Loose Lips

A Broken Camarilla


A Broken Camarilla

A Broken Camarilla are a 4-person group, who combine love for electronic music and voices, to make amazing music for the mind and for the soul! Since getting to know them back in August, when they performed a hugely inspiring set at our RCK All-day Fundraiser, they’ve become good friends of ours in a very short time. Therefore, it made perfect sense to get them all together for an interview whilst a lot of us were in Manchester recently.


(shouts must go to Jef T-Scale, who has saved the audio of this interview from its deathbed. Apologies for the grainy quality but Jef's tireless audio restoration has allowed us to still showcase this wonderful chat, as well as its transcription here below)

We’ve just finished our Loose Lips takeover at Soundbase Megastore, where a couple of you work. Thanks so much for inviting us! Do you want to start off by telling anyone that doesn’t know about A Broken Camarilla how the name came about?

We had an idea when we first started coming together, about what we wanted to achieve as musicians. We’re four artists, four different stories, not just one entity and we show that through what what each of us does. A ‘camarilla’ back in the day was a group of people who support a king - they were the tradesmen and the philosophers, and basically we’re broken because we don’t have a king but we’re still those people.

What really caught our attention when we first heard about you was definitely your diversity–at our day party back in August you progressed through so many different styles, and then this Friday you have a late club night slot. When you started out did you know what you wanted to be musically? I do think there’s a soulful element to your music which stands out.

We’ve all got different styles that tie together, one way or another, and you can hear the eclecticism in our songs and in our DJ sets. Also, we all knew each other for a while and it’s that sort of understanding that really helps us vibe off each other, whether it’s when we’re jamming or just playing out tunes. But then also sometimes we don’t like the things we show each other, so there’s lashes there and then, but I think it’s all healthy at the end of the day. That’s how we open our minds up to different stuff; things that we might have shut off initially and then someone comes and shows it to you and you feel their energy and you finally get it. It’s like for our track “The New Continental”, Eva was just sat there watching this documentary and I was hearing these chants and I was like “yeah I wanna make a tune that’s got proper chants in it!”

Do you write your raps and lyrics together, or do you start by each bringing together your own stuff from home?

Sometimes we’ll be sitting down jamming, either starting with a beat, or starting with some vocals, like the chant that Eva got for us. And even when either Eva or Ceeow aren’t there for the jam session, we’ll leave a bit that works for them to help bring out their strengths in the song. 


I find that really interesting. Whenever you’re playing out, you’ve got the live performance elements of a band, so you have a bit of a routine to go with, but there’s also that unpredictability that comes with DJ sets. Do you guys ever know the setlist beforehand?

Joe and Tom have been DJing for years and are always mixing at home, so we’re fairly confident when we step into the booth that we can just do our thing. And then this confidence is transmitted to Eva and Ceeow on the vocals. Different sets are planned according to our surroundings...but there is always a large amount of improvisation.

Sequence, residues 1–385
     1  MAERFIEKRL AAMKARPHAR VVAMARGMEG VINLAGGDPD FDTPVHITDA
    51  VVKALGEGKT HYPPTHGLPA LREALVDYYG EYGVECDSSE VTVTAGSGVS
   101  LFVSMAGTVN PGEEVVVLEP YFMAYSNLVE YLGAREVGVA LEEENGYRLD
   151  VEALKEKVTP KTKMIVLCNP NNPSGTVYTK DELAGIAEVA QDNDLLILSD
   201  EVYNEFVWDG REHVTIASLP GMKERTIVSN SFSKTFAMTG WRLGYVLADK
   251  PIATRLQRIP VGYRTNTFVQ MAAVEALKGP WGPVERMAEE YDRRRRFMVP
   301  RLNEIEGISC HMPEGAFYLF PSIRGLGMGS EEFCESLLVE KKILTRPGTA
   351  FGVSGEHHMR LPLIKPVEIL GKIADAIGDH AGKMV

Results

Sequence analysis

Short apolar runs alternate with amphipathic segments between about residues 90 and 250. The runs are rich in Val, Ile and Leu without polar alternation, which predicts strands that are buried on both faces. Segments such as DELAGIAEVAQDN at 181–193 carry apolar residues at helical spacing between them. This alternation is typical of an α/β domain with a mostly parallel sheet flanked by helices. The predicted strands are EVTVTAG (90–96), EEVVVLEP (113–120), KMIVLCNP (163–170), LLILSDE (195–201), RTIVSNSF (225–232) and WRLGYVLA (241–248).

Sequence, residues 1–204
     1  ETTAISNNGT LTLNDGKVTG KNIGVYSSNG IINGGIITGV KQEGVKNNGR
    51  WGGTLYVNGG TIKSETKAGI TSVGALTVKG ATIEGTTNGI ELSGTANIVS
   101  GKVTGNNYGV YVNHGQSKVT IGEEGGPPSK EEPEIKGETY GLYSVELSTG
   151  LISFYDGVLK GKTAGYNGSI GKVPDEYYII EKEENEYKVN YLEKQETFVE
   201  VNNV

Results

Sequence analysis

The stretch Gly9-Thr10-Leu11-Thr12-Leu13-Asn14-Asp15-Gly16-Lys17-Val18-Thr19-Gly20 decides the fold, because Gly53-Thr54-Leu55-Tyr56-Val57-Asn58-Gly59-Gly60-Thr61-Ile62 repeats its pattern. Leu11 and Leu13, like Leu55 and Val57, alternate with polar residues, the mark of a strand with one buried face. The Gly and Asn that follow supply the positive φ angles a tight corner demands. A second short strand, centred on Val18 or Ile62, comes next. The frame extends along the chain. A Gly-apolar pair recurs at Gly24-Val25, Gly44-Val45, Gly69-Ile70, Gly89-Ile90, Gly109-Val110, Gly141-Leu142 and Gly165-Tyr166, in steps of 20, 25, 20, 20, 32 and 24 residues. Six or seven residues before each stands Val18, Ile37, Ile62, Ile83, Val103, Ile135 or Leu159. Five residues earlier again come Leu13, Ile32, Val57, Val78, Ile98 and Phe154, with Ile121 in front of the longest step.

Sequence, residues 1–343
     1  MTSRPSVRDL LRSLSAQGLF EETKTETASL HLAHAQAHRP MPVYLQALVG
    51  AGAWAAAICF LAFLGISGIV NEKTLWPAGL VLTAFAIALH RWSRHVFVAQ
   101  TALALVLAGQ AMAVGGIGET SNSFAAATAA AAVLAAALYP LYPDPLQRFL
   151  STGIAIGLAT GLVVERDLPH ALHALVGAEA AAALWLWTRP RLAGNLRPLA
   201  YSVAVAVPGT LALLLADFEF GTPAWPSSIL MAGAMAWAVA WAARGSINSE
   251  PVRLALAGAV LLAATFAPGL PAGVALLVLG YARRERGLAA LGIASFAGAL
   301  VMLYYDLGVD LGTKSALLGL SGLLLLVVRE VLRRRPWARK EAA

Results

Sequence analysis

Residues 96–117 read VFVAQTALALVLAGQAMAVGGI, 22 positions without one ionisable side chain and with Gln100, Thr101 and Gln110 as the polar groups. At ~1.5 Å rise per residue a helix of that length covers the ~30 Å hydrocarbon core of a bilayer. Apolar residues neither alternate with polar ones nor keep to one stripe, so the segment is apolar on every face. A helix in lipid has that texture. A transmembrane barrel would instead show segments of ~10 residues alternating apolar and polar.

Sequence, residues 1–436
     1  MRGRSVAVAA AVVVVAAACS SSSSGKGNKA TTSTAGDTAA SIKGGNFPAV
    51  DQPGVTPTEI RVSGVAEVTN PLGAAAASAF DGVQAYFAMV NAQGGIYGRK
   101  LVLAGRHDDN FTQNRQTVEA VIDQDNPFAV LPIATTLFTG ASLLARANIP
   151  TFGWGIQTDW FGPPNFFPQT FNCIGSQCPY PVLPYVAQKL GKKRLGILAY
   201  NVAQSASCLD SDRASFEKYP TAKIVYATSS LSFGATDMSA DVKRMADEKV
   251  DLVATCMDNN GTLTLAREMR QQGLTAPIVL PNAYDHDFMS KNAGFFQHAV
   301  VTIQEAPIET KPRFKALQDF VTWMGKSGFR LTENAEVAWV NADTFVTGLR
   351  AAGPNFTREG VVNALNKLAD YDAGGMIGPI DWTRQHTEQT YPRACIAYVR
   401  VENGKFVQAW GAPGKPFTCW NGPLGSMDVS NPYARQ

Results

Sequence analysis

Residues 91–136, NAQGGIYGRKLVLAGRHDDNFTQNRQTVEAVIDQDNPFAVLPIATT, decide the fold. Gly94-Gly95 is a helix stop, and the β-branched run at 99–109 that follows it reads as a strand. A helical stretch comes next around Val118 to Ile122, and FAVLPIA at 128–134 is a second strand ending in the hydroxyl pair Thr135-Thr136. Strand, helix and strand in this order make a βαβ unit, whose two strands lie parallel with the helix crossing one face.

I wanted to ask you guys for musical recommendations. Anything you’ve been listening to recently that you think reflects your eclectic tastea?

Now that Eva’s got Spotify, we’ve been listening to a lot of Gilles Peterson’s playlists. He’s slowly becoming one of our favourites, because he’ll go from something like Floating Points to some mad Brazilian samba stuff. Let’s see, what else..? There’s also Craig David, big up the ting (haha). We’re listening to a lot of people from the Birmingham and Manchester rap scene as well - big props goes to Lady Sanity, Say Lay, Full Stop, Woddy green, Fox and the rest of the LVLZ boys. And a lot of rappers down in Brixton as well...they’re real people.

What would you say your motivations are as a group?

We just want everyone to vibe and feel like they can relate to us when they hear our music. We’ll say things metaphorically to keep the artistic appeal and not make it too in-your-face. As far as motivations, we just want to do it all, really. We want to run a label, run a radio station. We want to show people that you can do this whole music thing, no matter what background you’re from or what situation you’re in, and we want everyone to be involved because you do meet some of the realest people in this business.

How do you think your motivations are influenced by the Manchester scene?

We found that it’s a very inclusive community. Even though we’ve not been here a very long time, we’ve met a lot of people who’ve taken us under their wing, whereas in other places, it’s a lot more cut-throat and everyone is sort of stepping on each other. At the end of the day, everyone in Manchester just wants to put Manchester on the map. You’re not a threat to people, you’re a friend, even to the point that from a young age Eva was given a microphone at a jungle and DnB night and told to sing. Seriously, there’s no pretentiousness. You can be on the bus in the morning having a chat with someone and then planning to meet up with them at a studio later in the week. It’s a really exciting place to be at, because even though in London you have Fabric closing down, you have plenty of new places popping open here!

Thanks guys, good luck in the future. We look forward to collaborating much much more!

Interview conducted by Frederick Sugden.